THOMAS DE S. TUCKER,Original Negro Genealogy

$4.99

TYPE: Antique Photograph

Date published:1902

Images are royalty free.
Scans are of the original antique artworks.
Scanned and saved at 300ppi with professional quality scanner. Each image file is several megabytes large. Print direct from the file or from programs such as Adobe Photoshop.
The scans are much more detailed and higher quality than those on this web site.
The original antique maps and prints are no longer within copyright, but my digital version is copyrighted and re-selling rights in the original Digital Form are not offered.

AUTHENTICITY: This is an authentic historical print, published at the date stated above. It is not from a modern copy.

Description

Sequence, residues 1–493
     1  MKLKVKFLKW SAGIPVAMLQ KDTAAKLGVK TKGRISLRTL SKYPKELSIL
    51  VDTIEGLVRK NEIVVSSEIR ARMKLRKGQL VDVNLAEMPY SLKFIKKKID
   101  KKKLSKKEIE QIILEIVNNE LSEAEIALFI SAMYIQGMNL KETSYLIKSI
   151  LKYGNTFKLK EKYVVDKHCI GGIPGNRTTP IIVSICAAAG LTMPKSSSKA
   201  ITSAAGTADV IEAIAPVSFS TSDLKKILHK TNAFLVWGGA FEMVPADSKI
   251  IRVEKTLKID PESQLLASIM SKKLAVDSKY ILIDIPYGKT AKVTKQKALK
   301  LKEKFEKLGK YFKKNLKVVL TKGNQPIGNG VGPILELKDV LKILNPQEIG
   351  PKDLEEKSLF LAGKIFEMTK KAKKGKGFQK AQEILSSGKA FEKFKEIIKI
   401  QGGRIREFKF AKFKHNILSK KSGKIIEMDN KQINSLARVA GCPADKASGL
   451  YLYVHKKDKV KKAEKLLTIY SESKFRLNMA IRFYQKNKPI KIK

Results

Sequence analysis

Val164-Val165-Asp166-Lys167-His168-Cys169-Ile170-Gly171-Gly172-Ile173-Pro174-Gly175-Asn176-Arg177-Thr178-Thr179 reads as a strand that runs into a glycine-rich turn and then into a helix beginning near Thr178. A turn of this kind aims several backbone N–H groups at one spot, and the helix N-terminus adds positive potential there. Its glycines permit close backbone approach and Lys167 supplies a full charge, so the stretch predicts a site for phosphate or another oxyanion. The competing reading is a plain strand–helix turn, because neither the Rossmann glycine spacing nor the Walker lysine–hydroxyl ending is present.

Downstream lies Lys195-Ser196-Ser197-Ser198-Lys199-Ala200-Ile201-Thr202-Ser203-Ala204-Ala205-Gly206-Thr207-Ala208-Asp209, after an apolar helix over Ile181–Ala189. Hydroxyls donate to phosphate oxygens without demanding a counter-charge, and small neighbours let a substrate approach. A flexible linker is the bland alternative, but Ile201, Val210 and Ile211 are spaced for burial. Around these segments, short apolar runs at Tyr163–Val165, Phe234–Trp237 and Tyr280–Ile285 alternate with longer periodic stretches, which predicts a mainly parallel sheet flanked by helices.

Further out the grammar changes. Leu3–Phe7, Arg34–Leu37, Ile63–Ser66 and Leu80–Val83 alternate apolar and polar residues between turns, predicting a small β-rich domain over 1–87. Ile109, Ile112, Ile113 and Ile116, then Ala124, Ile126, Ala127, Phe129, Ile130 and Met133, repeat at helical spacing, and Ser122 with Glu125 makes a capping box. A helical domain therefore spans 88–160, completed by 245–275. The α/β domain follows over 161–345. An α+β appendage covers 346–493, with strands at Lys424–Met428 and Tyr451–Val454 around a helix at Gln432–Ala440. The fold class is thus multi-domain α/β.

Thomas de S. Tucker first saw the light of day at Victoria, In Sherbro, Sierra Leone, West Coast of Africa, on the 21st day of July, 1844. His mother was the youngest daughter of James Tucker, hereditary chief of Sherbro. The founder of the family, about two hundred years previous, was an Englishman, from whom the surname is derived. On the paternal side,. Tucker comes of an ancient noble family in the east of France, the de Salieres, of Marseilles. His father, Joseph, although descended from this noble lineage, was an ardent admirer of Napoleon Bonaparte, whose checkered fortunes he followed to the disastrous field of Waterloo. In accordance with the custom of the country, the wife being deemed of higher social standing than the husband, the son took the maternal surname. Tucker was sent, at a tender age, to a school located In the family territory. Such was his rapid progress that In a few years he had acquired English sufficiently enough to read and write It about as well as the average child of his age in this country. In the summer of 1856 he came to the United States to complete his education. Having just completed the English course in the public schools of Oberlin, Ohio, he entered college and completed the course in 1865. He then crossed over Into Kentucky and opened day and night schools for the education of the newly freed race. From Kentucky he removed to Louisiana, where the climate was more congenial to his tropical constitution. During his residence of many years in that State he was employed most of the time in the customs service with chances of preferment to higher and more lucrative posts, which he never sought nor cared for. His tastes have always inclined him to the more quiet and private walks of life, where he can promote the welfare of his fellow men, without show and the applause of the giddy crowd. President Grant once advised him that he intended to offer him the Liberian Mission, but Tucker was so indifferent in the honor that he made no effort to be commissioned. Anxious to pass away from official duties, he studied law and entered on practice in New Orleans.

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